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Entries : Polish Roman Catholic Union of America
Polish Roman Catholic Union of America

Polish Roman Catholic Union of America

The Polish Roman Catholic Union of America (PRCU) is the oldest Polish fraternal organization in the United States. Founded in 1873 by the Reverend Vincent Barzynski and the Reverend Theodore Gieryk, it held its first convention in Chicago the following year, at Reverend Barzynski's St. Stanislaus Kostka Parish. Adopting as its motto “For God and Country,” the group committed the PRCU to ethnic unity, mutual aid, insurance and death benefits, the care of “widows, widowers and orphans,” and “absolute obedience to the bishops, and pastors anointed by them.” Dominated by the clergy in its early years, the PRCU emphasized its Catholic character, especially in contrast to its more secular rival, the Polish National Alliance (PNA).

By the turn of the century, the PRCU, already 12,500 strong, had paid out more than one million dollars in death benefits. In the years that followed, in addition to providing war relief during both world wars, the PRCU dedicated itself to educational institutions, libraries, hospital work, home mortgage assistance, support for youth athletics and activities, cultural preservation projects, Polish and English language instruction, and its long-standing commitment to life insurance for Poles in Europe and America. Membership peaked in the mid-1950s, when the PRCU served more than 175,000 Polish Americans in some 1,075 lodges nationwide. At the close of the twentieth century it listed more than 300 lodges in the greater Chicago area and nearly three times that number in 23 states outside of Illinois.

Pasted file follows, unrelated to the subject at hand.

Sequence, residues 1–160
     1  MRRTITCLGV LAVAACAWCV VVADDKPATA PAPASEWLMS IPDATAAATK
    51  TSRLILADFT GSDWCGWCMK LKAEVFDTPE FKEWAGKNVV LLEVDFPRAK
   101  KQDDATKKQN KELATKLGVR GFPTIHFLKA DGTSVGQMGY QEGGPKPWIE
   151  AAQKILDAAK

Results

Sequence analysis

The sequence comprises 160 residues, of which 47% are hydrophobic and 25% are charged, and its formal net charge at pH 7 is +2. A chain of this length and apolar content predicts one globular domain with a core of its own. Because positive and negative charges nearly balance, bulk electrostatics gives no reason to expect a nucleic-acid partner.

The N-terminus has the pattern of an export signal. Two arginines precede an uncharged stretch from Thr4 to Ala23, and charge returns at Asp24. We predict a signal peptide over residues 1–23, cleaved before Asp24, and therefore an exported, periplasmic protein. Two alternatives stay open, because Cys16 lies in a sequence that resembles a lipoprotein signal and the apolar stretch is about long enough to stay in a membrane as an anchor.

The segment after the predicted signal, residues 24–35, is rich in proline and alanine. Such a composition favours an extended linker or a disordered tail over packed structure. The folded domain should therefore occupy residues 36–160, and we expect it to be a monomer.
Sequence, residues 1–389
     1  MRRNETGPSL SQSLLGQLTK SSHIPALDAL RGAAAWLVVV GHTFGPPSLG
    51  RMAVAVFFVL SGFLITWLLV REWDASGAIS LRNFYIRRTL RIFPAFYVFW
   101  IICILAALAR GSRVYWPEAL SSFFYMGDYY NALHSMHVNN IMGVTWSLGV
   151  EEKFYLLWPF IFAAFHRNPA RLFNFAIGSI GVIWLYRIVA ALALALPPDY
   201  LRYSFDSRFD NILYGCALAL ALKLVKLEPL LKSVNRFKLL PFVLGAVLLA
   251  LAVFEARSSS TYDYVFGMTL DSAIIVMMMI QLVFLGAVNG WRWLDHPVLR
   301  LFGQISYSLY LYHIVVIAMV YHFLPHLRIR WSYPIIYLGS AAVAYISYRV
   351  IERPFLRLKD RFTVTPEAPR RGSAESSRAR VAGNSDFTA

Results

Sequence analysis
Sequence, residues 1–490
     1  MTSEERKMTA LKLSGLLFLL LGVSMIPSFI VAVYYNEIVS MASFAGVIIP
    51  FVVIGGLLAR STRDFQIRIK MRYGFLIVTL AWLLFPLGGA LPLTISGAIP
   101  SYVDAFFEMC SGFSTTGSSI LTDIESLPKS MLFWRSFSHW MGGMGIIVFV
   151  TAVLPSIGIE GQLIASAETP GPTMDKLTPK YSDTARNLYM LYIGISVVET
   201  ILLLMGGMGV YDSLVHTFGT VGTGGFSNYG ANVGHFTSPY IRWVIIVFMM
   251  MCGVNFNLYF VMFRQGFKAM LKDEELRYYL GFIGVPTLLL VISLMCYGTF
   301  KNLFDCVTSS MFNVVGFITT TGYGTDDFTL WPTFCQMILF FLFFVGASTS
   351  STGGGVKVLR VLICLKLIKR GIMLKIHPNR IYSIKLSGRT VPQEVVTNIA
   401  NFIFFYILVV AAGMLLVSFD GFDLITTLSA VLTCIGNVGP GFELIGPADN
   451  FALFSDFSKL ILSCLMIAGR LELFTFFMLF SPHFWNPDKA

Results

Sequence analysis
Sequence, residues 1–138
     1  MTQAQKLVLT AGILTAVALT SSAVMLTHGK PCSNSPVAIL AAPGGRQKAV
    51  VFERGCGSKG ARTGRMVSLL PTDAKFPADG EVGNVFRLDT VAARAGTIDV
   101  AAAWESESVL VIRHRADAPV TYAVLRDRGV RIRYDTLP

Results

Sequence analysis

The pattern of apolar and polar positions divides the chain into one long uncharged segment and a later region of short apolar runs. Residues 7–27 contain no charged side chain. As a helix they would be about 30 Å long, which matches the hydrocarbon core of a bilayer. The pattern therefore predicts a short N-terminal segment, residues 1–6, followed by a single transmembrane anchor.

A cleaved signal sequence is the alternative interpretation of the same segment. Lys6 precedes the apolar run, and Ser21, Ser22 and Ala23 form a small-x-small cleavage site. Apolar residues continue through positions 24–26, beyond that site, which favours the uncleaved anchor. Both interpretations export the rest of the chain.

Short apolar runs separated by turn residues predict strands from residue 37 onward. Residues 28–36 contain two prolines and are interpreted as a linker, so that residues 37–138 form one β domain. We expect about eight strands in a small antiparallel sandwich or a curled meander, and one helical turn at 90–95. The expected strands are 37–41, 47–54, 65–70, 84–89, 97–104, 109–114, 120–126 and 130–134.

Haiman, Miecislaus. Zjednoczenie Polskie Rzymsko-Katolickie w Ameryce, 1873–1948. 1948.
Parot, Joseph John. Polish Catholics in Chicago, 1850–1920: A Religious History. 1981.